Busy UF grad student working to improve lives of children with autism
By Michelle Champalanne
Brandy Strahan, M.S.N., R.N., is a modern-day super mom. She spends the day teaching nursing students at the University of West Florida. She dedicates her nights to UF graduate school homework. And in between, she juggles her kid’s cheerleading practice all while doing homework in the ballpark stands during cheer breaks.
Strahan, an assistant professor at the UWF and a doctoral student in the UF College of Nursing, balances her busy life with time management. Some days are harder than others, and that’s when she counts on her husband’s support. But she knows her hard work will pay off when she can provide help through research to families whose children have autism.
Published in the journal Research in Autism Spectrum Disorders in December 2013, Strahan’s recent research focuses on obesity in adolescents with autism spectrum disorders. Her manuscript was developed as part of her literature review for her dissertation at UF. Her dissertation topic looks at the effect of video-game playing on overweight children with autism. Seventy percent of obese adolescents with autism remain obese into adulthood, she said. Strahan hopes to find a method to prevent this from happening.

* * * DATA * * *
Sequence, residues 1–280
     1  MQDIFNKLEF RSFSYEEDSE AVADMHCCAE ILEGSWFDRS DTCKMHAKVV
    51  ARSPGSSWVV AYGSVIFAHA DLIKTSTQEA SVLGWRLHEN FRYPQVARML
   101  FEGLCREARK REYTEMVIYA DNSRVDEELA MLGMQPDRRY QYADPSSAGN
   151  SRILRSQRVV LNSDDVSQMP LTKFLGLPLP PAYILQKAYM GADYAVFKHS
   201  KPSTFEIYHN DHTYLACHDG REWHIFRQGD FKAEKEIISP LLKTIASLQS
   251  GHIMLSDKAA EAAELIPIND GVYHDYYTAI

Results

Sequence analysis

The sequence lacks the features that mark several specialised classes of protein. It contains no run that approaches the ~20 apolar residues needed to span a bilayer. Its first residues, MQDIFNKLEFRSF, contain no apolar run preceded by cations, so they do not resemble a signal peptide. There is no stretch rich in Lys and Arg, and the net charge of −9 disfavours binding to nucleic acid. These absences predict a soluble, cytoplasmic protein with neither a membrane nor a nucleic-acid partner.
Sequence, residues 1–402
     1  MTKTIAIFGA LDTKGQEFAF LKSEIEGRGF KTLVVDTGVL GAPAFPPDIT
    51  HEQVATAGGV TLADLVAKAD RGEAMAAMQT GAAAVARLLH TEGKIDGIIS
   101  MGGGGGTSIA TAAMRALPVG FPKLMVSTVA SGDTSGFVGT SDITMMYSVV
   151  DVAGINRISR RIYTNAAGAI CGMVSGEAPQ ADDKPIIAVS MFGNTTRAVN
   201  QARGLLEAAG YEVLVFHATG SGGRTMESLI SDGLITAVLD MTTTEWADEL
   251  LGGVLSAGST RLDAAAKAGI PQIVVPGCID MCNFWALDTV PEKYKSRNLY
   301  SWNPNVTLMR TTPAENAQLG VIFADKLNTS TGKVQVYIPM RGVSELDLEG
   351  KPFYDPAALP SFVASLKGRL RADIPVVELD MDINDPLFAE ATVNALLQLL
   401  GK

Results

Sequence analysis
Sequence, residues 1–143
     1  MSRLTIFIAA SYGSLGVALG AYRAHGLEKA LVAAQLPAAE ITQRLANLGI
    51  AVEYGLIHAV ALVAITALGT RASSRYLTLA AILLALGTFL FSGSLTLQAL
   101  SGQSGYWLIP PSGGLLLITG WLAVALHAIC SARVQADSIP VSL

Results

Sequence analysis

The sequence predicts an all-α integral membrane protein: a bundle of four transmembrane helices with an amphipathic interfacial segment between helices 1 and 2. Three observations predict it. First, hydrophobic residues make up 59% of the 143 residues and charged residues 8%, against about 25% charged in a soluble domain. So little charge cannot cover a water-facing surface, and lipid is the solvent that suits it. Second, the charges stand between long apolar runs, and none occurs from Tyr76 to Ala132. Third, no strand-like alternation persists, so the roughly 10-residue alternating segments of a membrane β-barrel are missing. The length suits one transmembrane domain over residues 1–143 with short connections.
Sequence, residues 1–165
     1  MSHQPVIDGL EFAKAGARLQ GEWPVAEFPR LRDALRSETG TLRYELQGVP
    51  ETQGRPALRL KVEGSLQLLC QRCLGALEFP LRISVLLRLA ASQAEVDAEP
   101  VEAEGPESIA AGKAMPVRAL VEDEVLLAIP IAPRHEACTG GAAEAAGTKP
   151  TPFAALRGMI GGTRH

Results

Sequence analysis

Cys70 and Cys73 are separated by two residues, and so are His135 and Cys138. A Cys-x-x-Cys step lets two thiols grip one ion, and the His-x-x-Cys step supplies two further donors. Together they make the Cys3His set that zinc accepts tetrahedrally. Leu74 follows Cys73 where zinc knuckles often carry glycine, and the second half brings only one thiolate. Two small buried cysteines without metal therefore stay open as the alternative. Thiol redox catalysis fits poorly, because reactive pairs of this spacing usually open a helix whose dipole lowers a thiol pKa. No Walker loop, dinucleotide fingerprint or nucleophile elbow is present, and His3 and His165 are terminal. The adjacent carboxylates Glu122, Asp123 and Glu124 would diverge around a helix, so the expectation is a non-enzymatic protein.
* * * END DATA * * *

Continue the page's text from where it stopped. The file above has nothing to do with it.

“In order to improve their health outcomes and give them an opportunity to be successful adults, I wanted to look at an intervention that would address the issue of obesity among this population,” she said.
She hopes her research will help health care professionals better understand how to assist adolescents with weight issues. She’s currently working on her dissertation based on her experience as a pediatric nurse.
She was inspired to look more closely at autism because of her connections to former patients and friends whose children have the disorder. Through this exposure, she realized how much dedication and effort it takes to raise a child with autism and how that can be very trying for the family, as well as the child.
She completed her undergraduate education at the University of Mississippi, where she grew up, and received her master’s degree from Florida State University. Now Strahan is pursuing a Ph.D. at UF to achieve her future career goal of obtaining a tenure-track faculty position in a nursing program. From there, she hopes to continue her research on autism.
Strahan began her Ph.D. program in 2011, the same year she began her teaching position at UWF. Her class teaches undergraduate students pediatrics and community health. They gain clinical experience with children who have autism as part of the class.
She aims to graduate in May 2015.
“I wanted to go into research that had something to do with children with this disorder to improve their lifestyle and health outcomes,” she said.